Whether you’re looking to recreate the recipe from the series and test out your skills, or simply want to make a Korean classic, then you’ve come to the right place.
Similar to how you would make honeycomb toffee candy, dalgona is made by melting sugar while stirring in a small amount of baking soda over high heat.
The result is a foamy mixture that resembles a light caramel-colored whipped cream. Although, make sure you work quickly as it has a tendency to burn fast!
Dasik is a traditional Korean pressed cookie. They are made using all-natural ingredients, such as beans, grains, pine pollen, sesame seeds, chestnuts, and many more.
All these ingredients are finely ground and combined with honey to be pressed in a wooden mold to form the cookies.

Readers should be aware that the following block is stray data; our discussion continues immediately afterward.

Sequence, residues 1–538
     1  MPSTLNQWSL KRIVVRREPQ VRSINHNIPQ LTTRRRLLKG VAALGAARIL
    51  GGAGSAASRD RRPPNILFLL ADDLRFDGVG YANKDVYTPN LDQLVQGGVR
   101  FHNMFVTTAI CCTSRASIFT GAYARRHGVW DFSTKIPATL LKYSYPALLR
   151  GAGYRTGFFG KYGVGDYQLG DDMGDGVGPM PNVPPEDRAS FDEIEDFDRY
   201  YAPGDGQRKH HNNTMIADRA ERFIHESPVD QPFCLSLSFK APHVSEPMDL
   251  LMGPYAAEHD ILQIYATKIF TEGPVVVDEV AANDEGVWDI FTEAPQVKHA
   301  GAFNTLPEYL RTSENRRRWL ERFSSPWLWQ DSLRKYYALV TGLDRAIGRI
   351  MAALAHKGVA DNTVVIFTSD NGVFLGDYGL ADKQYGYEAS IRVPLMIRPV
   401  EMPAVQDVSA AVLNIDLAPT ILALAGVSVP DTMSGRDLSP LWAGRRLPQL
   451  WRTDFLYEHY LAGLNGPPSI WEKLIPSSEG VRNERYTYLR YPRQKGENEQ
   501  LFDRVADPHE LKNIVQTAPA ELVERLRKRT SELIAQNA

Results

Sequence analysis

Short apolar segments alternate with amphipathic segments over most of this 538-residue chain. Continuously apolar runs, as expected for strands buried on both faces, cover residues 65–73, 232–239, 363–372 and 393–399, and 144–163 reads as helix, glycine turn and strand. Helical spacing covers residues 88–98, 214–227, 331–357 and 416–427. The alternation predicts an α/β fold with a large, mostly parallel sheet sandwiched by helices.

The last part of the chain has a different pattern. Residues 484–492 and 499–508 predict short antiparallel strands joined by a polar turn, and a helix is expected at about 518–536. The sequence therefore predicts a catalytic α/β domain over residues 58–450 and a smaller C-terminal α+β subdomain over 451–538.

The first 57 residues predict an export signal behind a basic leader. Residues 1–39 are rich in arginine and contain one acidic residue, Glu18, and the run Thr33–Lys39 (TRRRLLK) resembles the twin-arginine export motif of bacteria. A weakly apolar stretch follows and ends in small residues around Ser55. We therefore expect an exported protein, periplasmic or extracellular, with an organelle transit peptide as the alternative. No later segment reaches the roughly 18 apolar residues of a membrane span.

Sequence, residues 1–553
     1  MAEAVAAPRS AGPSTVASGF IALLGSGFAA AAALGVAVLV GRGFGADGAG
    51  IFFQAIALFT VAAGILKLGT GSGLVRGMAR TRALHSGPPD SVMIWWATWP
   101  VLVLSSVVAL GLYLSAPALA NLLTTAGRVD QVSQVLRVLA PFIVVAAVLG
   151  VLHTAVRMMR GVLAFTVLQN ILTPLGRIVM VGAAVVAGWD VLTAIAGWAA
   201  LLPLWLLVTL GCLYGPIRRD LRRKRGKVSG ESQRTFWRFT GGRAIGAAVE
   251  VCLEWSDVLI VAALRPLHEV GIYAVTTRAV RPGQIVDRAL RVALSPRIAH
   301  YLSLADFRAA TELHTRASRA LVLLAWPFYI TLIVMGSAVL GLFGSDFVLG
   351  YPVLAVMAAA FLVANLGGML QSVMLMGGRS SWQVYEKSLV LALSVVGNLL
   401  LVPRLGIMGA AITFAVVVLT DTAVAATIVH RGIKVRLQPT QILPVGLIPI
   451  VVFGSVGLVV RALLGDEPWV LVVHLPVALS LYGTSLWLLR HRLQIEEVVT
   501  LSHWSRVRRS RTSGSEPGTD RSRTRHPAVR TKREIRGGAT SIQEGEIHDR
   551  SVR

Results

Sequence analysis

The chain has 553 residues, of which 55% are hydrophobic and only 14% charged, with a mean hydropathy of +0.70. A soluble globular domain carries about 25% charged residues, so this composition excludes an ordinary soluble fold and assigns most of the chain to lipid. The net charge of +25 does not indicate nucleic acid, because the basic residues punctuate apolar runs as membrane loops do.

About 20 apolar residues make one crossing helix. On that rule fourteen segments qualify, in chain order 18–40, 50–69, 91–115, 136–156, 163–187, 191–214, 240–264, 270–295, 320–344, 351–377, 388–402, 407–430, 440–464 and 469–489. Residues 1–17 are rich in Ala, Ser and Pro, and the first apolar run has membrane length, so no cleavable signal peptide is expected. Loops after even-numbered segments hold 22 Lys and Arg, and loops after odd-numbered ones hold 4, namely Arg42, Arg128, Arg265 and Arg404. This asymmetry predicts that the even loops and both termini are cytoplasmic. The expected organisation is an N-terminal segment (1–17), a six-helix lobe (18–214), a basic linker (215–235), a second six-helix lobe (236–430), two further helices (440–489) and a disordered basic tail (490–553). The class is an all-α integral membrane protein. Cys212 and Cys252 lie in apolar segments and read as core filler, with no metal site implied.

On the inside of these molds, you can find engraved images, including fish, flowers, words, geometric patterns, or even birds to emboss on the cookies – these patterns are used to symbolize messages of good fortune, health, long life, happiness, or beauty.
These cookies are fresh, light, naturally colored and flavored, and perfect to go alongside your tea.
Plus, you don’t even need an oven to make them!
Outside Korea, this is probably one of the most well-known Korean desserts (see also ‘15 Best Asian Desserts To Make Today‘). Looking for a way to cool down this summer, then you can’t go wrong with a cold treat like Bingsu.
Similar to ice cream, bingsu is made using milk or frozen cream. However, this is where the similarities end.
Unlike traditional ice cream, bingsu is made by shaving a frozen block of milk or cream to create a fluffy, snowlike dessert.
Once you have a mound of shaved ice, it is usually topped with a range of different toppings, including tteok, red bean, groundnut powder, and bean paste – for a more traditional approach. Other toppings include condensed milk, cookies, chopped fruits, and candies (see also ‘15 Delicious Fruit Desserts You’ll Love To Make!‘).
Plus, it can also come in a range of different flavors, these include mango, chocolate, lychee, strawberry, green tea, and many more – with so many flavors and toppings; the possibilities are endless.